Post your Conder tokens or anything you feel is relevant!

    ~~~

    1. Coe, Charles. "Lady Godiva: The Naked Truth." Harvard Magazine, 2003. https://harvardmagazine.com/2003/07/lady-godiva-the-naked-tr.html

    2. Green, Ben G. "The Coventry Half Penny Token." The Numismatist, Mar. 1904, pp. 77–79. https://archive.org/details/TheNumismatist1904Vol17/page/n91/mode/2up

    3. Coe, op cit.

    4. Pollak, Henry. Coinage & Conflict. Coin & Currency Institute, 2001, p. 15. See also Charles Coe and Ben G. Green, cited above. The Peeping Tom character, the tailor who was struck blind for looking, was added to the story no earlier than the 17th century; see Marina Warner. "When Godiva streaked and Tom peeped," The Times, 10 July 1982

    5. Tebben, Gerald. "Lady Godiva's Tax Protest." Coin World, 8 Apr. 2015, www.coinworld.com/voices/gerald-tebben/lady_godiva_s_taxpr.html.

    6. Green, op cit. For an illustration of the latter reverse type, see: https://coins.ha.com/itm/medals-and...xf45-technically-a-conder-token-/a/288-8310.s
     
    Last edited: Aug 7, 2020
  2. Avatar

    Guest User Guest



    to hide this ad.
  3. The Eidolon

    The Eidolon Well-Known Member

    Here's my 1793 one. Thanks for sharing the info! Lady Godiva Halfpenny 1793.jpeg
     
  4. lordmarcovan

    lordmarcovan Numismatic jack of all trades & specialist in none Moderator

    Here's my Chichester Conder, which was a relatively recent purchase.

    They could be habit-forming, if one isn't careful.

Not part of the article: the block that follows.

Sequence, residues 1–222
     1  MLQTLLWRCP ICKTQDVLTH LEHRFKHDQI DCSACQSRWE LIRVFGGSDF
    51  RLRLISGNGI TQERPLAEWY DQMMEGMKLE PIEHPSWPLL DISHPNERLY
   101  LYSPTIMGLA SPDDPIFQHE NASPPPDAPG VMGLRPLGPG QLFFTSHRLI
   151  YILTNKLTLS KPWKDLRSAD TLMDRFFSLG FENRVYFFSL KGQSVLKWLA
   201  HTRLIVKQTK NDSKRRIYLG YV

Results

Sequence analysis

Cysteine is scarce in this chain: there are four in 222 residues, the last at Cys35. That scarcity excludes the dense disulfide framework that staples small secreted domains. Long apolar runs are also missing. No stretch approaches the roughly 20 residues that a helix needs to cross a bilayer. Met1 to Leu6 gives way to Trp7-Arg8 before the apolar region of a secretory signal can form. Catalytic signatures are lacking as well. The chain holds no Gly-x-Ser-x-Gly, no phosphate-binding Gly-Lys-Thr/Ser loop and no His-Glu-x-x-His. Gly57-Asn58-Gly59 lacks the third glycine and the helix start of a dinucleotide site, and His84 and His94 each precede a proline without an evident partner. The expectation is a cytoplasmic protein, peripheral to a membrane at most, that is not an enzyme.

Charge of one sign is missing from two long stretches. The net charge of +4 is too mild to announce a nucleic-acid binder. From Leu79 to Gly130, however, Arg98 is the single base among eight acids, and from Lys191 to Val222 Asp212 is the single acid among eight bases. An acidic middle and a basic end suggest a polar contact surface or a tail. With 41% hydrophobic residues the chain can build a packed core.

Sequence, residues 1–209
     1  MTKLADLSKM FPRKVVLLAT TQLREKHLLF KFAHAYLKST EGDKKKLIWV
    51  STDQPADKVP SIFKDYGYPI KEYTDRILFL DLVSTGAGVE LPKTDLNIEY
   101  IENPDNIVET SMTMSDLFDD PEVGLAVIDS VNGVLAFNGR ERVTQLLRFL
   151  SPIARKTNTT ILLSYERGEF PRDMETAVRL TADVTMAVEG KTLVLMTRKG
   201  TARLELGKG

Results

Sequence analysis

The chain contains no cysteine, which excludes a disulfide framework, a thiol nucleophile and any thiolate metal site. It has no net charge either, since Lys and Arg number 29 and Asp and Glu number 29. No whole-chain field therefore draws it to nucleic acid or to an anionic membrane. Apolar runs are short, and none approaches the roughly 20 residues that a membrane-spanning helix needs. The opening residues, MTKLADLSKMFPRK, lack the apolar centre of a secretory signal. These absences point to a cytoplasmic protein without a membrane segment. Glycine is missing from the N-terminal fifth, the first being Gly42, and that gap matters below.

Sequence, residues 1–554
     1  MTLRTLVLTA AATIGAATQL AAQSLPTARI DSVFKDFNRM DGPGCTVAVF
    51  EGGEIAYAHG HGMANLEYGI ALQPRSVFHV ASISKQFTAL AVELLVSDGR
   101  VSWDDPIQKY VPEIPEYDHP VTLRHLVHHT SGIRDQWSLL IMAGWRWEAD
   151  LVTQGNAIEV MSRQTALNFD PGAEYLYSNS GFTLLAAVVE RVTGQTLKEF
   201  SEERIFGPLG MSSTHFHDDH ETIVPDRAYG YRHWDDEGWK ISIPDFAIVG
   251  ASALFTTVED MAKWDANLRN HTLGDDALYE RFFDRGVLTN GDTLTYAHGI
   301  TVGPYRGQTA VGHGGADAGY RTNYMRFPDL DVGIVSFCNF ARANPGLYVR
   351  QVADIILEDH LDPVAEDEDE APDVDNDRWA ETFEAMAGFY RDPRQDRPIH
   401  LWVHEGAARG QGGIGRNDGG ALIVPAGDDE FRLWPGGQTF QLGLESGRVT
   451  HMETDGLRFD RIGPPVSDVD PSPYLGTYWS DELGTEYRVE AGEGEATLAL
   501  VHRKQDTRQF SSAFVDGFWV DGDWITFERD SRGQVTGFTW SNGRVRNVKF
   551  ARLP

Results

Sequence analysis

Great Britain (Chichester, Sussex): copper Conder token ("Chichester Halfpenny"), 1794
    [​IMG]PCGS MS63 BN; population 4 with 4 higher as of August 2020.

     
    Last edited: Aug 7, 2020
  5. Roman Collector

    Roman Collector Supporter! Supporter

    You're welcome!

    That's gorgeous!
     
    lordmarcovan likes this.
  6. Chris B

    Chris B Supporter! Supporter

    Here is my Godiva
    GBCoventry179203.jpg

    and one of my Favorites 1797 Hampshire
    GBHampshire179701.jpg
     
    thejewk, capthank and Roman Collector like this.
  7. Cachecoins

    Cachecoins Historia Moneta

    Big fan of these. I should say that some time ago I found that Wikipedia did not have a page for these and James Conder so I started both. Since then my tokens have been replaced by others as people came and added info and judged mine not to be the best example to show but this was the first Conder token on Wikipedia. :)

    newton.jpg
     
  8. lordmarcovan

    lordmarcovan Numismatic jack of all trades & specialist in none Moderator

    Chris B likes this.
  9. lordmarcovan

    lordmarcovan Numismatic jack of all trades & specialist in none Moderator

    Brilliant! Kudos to you for laying the foundation.
     
  10. Larry49

    Larry49 Member

    York 1795a.jpg York 1795b.jpg


    As described on p. 284 of James Conder’s original list (1798):

    Yorkshire (halfpenny size)
    29. O. A West View of York Cathedral. Ex. “York, 1795.”